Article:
I heart my podiatrist -- something as simple as an orthodic insert has made walking a non-issue the next day...
posted by armacy at 2:59 PM on November 3, 2005


Are you running on concrete? Try switching to dirt, grass, wood chips, or asphalt. Don't skimp on shoes. If you have high arches, get well-cushioned shoes. If you have flat feet or pronate, get stability shoes, etc.
posted by callmejay at 3:02 PM on November 3, 2005


Also, stretch your calves and hamstrings -- they connect over your heel to your plantar fascia.
posted by callmejay at 3:02 PM on November 3, 2005


When you run outside, do you always take the same route, or a few different routes? One thing I've noticed in my town is that there are long sections of sidewalk that are canted at an angle towards the street. Running on those creates a noticeable uneven strain on the muscles in my legs and on my feet.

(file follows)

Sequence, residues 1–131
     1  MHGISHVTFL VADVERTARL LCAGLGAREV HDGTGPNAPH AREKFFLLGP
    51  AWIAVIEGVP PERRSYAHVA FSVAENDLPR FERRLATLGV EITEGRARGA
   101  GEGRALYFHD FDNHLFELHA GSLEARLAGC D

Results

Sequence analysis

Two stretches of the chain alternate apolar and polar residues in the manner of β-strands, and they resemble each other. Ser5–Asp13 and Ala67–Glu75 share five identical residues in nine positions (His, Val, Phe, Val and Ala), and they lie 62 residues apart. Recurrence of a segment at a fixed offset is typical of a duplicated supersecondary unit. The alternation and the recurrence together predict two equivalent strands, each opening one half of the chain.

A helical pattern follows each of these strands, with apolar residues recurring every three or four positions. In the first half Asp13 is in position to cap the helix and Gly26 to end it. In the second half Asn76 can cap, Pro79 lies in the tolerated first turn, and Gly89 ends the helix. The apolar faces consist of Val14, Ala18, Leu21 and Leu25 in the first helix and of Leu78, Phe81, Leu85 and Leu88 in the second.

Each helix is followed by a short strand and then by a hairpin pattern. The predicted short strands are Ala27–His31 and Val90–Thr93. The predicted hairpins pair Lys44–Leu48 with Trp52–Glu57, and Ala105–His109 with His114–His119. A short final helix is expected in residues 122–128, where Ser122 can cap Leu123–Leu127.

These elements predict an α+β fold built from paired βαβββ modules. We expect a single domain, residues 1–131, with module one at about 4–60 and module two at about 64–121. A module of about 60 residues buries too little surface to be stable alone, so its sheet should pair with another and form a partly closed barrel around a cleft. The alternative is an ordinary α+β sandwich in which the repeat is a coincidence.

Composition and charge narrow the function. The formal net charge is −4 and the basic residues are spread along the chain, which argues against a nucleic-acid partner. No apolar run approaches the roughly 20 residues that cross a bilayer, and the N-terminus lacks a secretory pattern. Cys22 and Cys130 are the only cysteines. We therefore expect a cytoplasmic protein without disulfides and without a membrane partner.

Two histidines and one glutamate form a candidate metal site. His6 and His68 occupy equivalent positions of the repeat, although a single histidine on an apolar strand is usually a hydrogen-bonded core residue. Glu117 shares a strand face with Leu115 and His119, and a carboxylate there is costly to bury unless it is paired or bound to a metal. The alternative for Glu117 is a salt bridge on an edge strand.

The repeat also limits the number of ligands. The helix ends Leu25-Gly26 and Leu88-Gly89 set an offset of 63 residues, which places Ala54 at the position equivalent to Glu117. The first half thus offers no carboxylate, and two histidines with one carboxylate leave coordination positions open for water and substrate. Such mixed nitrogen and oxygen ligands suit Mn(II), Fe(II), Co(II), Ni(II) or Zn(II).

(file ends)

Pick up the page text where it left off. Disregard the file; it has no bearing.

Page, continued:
Also, what everyone else has said.

Once those Nikes wear out, if you want to try a shoe with excellent support, I would reccomend Brooks. I'm fairly heavy compared to most active runners (~265 pounds), and Brooks makes the only shoes I've tried that have enough support to prevent me from getting shin splints running on pavement. They're simply wonderful.
posted by Derive the Hamiltonian of... at 3:09 PM on November 3, 2005


mr roboto - notice i said *walking*. And not power walking either. I'm talking a 30-minute brisk walk in the neighborhood or on the treadmill. I tend to doubt that my feet would expand too much in that instance.